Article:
In this study, we assessed the role of p53 in the regulation of decitabine’s efficacy using the above described mouse MDS/AML models and human cord blood cells. Our study clearly showed that acute inhibition of p53 did not increase, but rather decreased sensitivity of MDS/AML cells to decitabine. In contrast, AML cells generated from bone marrow progenitors of Trp53-deficient mice showed hypersensitivity to decitabine, which implies that long-term chronic inhibition of p53 function gradually increases sensitivity of AML cells to decitabine through secondary genetic and/or epigenetic changes.
Acute inhibition of p53 confers resistance to decitabine in MLL-AF9-driven AML cells
We first examined the effect of acute depletion of p53 on decitabine’s efficacy using a mouse model for MLL-AF9 leukemia. We transduced MLL-AF9 (coexpress GFP) into mouse bone marrow progenitor cells, and transplanted the cells into sublethally irradiated recipient mice. Consistent with our previous reports15,22, all recipient mice developed AML around 2 months after transplantation. We collected GFP+ leukemia cells from spleens of the moribund mice, and enriched for leukemia stem cell activity by serial transplantation through secondary, tertiary, and quaternary recipient mice. These MLL-AF9-expressing cells with strong leukemogenicity were then transduced with Cas9 together with a non-targeting (NT)-single guide RNA (sgRNA) and two independent sgRNAs targeting Trp53 (Fig. 1a,b). sgTrp53-(2) induced nearly complete depletion of p53 protein, while sgTrp53-(1) induced expression of aberrant p53 protein that migrated faster than wild-type p53 protein in MLL-AF9 cells (Fig. 1c). MLL-AF9 cells transduced with the Trp53-targeting sgRNAs became resistant to a p53-Mdm2 interaction inhibitor DS-527223 (Fig. 1d), indicating that both sgRNAs depleted functional p53. We then compared sensitivity of MLL-AF9 cells transduced with these sgRNAs to decitabine using Cell Viability Assay. Decitabine inhibited the growth of control MLL-AF9 cells more efficiently than that of p53-depleted MLL-AF9 cells (Fig. 1d).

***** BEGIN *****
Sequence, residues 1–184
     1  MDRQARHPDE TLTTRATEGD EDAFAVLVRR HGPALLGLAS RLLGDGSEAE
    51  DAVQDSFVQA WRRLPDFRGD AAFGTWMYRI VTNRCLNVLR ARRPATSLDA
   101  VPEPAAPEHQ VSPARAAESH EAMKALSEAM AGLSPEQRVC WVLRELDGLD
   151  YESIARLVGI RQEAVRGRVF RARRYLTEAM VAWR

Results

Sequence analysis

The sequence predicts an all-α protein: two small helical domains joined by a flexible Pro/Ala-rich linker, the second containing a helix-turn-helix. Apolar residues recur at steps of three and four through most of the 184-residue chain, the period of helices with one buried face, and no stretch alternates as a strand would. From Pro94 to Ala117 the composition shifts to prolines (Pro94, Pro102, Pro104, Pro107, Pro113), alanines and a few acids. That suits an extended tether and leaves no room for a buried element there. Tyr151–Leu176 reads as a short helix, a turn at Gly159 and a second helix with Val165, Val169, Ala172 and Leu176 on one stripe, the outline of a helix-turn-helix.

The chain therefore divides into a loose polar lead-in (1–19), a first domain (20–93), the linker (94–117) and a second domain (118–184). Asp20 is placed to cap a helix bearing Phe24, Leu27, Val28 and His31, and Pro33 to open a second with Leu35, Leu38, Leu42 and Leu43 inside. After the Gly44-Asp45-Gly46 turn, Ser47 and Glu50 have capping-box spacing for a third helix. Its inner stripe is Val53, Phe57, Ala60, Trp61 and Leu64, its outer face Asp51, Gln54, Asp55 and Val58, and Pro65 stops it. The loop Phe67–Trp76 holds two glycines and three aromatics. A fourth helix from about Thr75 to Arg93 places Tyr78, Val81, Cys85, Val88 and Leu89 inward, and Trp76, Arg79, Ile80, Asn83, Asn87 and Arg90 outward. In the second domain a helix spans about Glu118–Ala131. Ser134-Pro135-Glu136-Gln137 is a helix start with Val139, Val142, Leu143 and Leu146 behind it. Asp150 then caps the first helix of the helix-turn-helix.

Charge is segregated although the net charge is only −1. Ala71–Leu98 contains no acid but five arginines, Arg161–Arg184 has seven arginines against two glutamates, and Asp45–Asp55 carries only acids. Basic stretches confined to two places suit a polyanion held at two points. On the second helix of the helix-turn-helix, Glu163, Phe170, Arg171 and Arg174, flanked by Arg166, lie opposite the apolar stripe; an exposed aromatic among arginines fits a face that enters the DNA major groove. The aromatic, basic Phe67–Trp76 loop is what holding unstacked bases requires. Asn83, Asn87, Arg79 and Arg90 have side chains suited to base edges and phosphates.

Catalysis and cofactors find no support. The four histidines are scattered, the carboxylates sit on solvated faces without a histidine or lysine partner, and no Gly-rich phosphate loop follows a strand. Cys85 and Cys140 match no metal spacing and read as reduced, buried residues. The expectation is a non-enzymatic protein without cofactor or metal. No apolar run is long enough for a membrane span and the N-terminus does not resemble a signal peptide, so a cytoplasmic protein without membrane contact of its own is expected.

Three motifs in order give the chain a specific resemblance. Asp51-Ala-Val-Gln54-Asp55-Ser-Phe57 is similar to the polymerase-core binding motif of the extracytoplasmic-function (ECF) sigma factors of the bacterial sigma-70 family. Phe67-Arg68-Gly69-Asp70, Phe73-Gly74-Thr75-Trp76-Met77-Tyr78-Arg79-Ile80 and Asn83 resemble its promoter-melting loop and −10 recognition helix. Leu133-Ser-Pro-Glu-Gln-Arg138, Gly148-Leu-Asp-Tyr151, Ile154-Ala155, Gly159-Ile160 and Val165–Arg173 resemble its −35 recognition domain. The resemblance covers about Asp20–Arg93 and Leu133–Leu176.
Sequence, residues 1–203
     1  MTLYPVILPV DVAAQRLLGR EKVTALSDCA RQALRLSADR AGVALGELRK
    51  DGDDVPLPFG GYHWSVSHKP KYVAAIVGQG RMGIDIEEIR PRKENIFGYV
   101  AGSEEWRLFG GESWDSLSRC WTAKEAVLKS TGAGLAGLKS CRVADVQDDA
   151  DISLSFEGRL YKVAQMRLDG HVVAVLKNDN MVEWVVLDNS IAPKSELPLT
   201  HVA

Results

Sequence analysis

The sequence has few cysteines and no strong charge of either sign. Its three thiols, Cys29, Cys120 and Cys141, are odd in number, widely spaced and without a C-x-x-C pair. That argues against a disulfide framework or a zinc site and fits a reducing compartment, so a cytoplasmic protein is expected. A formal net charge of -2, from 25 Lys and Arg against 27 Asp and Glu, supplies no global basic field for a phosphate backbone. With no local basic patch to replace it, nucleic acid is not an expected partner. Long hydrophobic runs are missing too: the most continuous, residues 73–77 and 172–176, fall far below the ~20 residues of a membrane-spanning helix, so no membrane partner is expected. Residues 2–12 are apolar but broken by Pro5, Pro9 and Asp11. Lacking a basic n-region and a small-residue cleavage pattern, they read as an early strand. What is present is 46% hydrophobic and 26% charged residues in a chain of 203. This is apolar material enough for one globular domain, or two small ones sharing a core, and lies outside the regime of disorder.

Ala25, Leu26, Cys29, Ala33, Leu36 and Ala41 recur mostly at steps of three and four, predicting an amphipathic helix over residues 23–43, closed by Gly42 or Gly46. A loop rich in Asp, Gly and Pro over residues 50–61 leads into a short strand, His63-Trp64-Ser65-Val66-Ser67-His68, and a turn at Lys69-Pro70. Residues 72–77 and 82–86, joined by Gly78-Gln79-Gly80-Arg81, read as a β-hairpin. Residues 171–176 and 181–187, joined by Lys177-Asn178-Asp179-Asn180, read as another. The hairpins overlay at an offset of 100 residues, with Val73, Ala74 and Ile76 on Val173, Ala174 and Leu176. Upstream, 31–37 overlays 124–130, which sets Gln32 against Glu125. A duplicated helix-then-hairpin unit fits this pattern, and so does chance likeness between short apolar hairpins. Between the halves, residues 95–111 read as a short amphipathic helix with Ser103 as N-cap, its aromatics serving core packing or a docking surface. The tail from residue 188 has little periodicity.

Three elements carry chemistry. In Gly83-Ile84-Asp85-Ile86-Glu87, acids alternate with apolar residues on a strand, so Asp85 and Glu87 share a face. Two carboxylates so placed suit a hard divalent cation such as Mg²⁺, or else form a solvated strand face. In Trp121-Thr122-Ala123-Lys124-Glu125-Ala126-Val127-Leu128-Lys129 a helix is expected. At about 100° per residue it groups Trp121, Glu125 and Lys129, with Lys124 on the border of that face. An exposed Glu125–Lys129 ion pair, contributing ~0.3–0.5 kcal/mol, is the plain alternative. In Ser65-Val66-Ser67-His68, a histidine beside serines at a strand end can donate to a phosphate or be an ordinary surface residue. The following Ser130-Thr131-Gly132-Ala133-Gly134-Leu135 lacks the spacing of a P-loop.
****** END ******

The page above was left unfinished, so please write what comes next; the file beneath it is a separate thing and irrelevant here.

To characterize the decitabine-induced suppression of cell growth, we analyzed cell cycle status and apoptosis in vehicle- and decitabine-treated MLL-AF9 cells. Decitabine treatment induced G2/M arrest in both p53-intact and p53-depleted MLL-AF9 cells (Fig. 1e), suggesting that p53 is dispensable for decitabine-mediated cell cycle arrest. However, decitabine-induced cell death was not evident in p53-depleted MLL-AF9 cells (Fig. 1f), which probably accounts for their reduced response to decitabine.
To assess the role of p53 on decitabine’s efficacy in vivo, we then transduced tRFP-coexpressing sgRNAs [NT and sgTrp53-(1)] into MLL-AF9/Cas9 cells. These MLL-AF9/Cas9/sgRNA-tRFP cells were transplanted into recipient mice, and the mice were treated with vehicle or decitabine. Although Trp53-depletion did not alter leukemic progression of MLL-AF9 cells in non-treated mice, it decreased sensitivity of MLL-AF9 cells to decitabine, as evidenced by the increase of Trp53-depleted (tRFP+) cells in decitabine-treated mice (Fig. 1g). Thus, acute inhibition of p53 function by CRISPR/Cas9-mediated Trp53 depletion reduced responsiveness of MLL-AF9 cells to decitabine both in vitro and in vivo.
Next, we transduced vector or a dominant-negative p53 fragment (p53DD24) (each coexpresses NGFR) into MLL-AF9 cells and assessed the effect of decitabine on these cells both in vitro and in vivo (Fig. 2a). MLL-AF9 cells transduced with p53DD grew normally in the presence of DS-5272 (Fig. 2b), indicating the efficient inhibition of p53 function by p53DD in them. Similar to the results of p53-depletion, p53DD-transduced cells were relatively resistant to decitabine compared with vector-transduced cells (Fig. 2c). We then transplanted vector or p53DD-transduced MLL-AF9 cells into recipient mice, and treated these mice with vehicle or decitabine. Flow cytometric analysis of NGFR+ (vector/p53DD-transduced) cells in peripheral blood at day 16 revealed a tendency of increase of p53DD-transduced cells only in decitabine treated mice (Fig. 2d). These data suggest that forced expression of p53DD also conferred resistance to decitabine in MLL-AF9 cells, as Trp53 depletion did.